previous next

[289] If you have any more old horses, trot them out; any more tails, just cock them and come at us. I repeat, I would not introduce this mode of discussion here; but I wish gentlemen on the other side to understand that the use of degrading figures is a game at which they may find themselves unable to take all the winnings. [A voice “No, we give it up” ] Aye! you give it up, and well you may; but for a very different reason from that which you would have us understand. The point — the power to hurt — of all figures consists in the truthfulness of their application; and, understanding this, you may well give it up. They are weapons which hit you, but miss us.

But in my hurry I was very near closing on this subject of the military tails before I was done with it. There is one entire article of the sort I have not discussed yet; I mean the military tail you Democrats are now engaged in dovetailing on to the great Michigander. Yes, sir, all his biographers (and they are legion) have him in hand, tying him to a military tail, like so many mischievous boys tying a dog to a bladder of beans. True, the material is very limited, but they are at it might and main. He invaded Canada without resistance, and he outvaded it without pursuit. As he did both under orders, I suppose there was to him neither credit nor discredit; but they are made to constitute a large part of the tail. He was not at Hull's surrender, but he was close by; he was volunteer aid to General Harrison on the day of the battle of the Thames; and as you said in 1840 Harrison was picking whortleberries two miles off while the battle was fought I suppose it is a just conclusion with you to say Cass was aiding Harrison to pick whortleberries. This is about all, except the mooted question of the broken sword. Some authors say he broke it; some say he threw it away;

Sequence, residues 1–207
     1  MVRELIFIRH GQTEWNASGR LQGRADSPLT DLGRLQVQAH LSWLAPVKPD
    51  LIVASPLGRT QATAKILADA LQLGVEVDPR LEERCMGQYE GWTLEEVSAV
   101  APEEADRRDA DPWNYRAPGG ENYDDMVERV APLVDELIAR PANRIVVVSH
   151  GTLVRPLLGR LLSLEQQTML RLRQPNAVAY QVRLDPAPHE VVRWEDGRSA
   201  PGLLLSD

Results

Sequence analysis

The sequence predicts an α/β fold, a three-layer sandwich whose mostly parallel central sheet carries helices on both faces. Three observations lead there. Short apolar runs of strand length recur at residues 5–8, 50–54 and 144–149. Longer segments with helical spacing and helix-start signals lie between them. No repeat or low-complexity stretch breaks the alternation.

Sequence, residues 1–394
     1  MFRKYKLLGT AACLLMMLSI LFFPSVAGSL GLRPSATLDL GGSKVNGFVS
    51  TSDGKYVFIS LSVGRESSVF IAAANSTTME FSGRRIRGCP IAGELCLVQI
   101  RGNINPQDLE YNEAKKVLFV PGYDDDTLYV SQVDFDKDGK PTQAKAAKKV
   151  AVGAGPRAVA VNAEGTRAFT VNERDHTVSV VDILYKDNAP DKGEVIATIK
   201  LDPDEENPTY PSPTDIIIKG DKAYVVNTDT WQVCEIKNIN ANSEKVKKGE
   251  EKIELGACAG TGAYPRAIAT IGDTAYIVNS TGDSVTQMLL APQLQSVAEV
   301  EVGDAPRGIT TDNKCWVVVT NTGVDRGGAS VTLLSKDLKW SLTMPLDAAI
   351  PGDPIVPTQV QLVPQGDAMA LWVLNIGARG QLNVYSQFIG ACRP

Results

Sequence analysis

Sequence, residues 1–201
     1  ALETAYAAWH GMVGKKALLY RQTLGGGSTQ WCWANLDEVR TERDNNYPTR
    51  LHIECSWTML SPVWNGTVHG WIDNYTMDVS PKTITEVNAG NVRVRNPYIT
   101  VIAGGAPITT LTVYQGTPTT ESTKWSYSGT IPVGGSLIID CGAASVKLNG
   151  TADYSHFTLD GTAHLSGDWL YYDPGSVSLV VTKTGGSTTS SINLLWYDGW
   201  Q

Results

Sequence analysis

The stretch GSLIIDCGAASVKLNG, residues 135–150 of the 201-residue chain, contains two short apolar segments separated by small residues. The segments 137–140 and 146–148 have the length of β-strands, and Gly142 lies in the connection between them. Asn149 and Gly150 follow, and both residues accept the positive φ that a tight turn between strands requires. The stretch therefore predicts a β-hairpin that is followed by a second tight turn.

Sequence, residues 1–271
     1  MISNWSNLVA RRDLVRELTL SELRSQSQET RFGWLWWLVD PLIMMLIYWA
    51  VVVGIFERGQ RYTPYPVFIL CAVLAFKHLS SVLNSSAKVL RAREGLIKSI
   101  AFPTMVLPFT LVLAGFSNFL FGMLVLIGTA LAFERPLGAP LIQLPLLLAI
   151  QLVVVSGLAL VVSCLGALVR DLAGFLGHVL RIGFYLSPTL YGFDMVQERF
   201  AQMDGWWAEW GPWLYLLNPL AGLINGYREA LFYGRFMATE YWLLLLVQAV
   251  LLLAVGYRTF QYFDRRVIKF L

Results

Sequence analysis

Creative Commons License
This work is licensed under a Creative Commons Attribution-ShareAlike 3.0 United States License.

An XML version of this text is available for download, with the additional restriction that you offer Perseus any modifications you make. Perseus provides credit for all accepted changes, storing new additions in a versioning system.

hide Places (automatically extracted)

View a map of the most frequently mentioned places in this document.

Sort places alphabetically, as they appear on the page, by frequency
Click on a place to search for it in this document.
Canada (Canada) (1)

Download Pleiades ancient places geospacial dataset for this text.

hide People (automatically extracted)
Sort people alphabetically, as they appear on the page, by frequency
Click on a person to search for him/her in this document.
Granny Harrison (3)
Hull (1)
Cass (1)
hide Dates (automatically extracted)
Sort dates alphabetically, as they appear on the page, by frequency
Click on a date to search for it in this document.
1840 AD (1)
hide Display Preferences
Greek Display:
Arabic Display:
View by Default:
Browse Bar: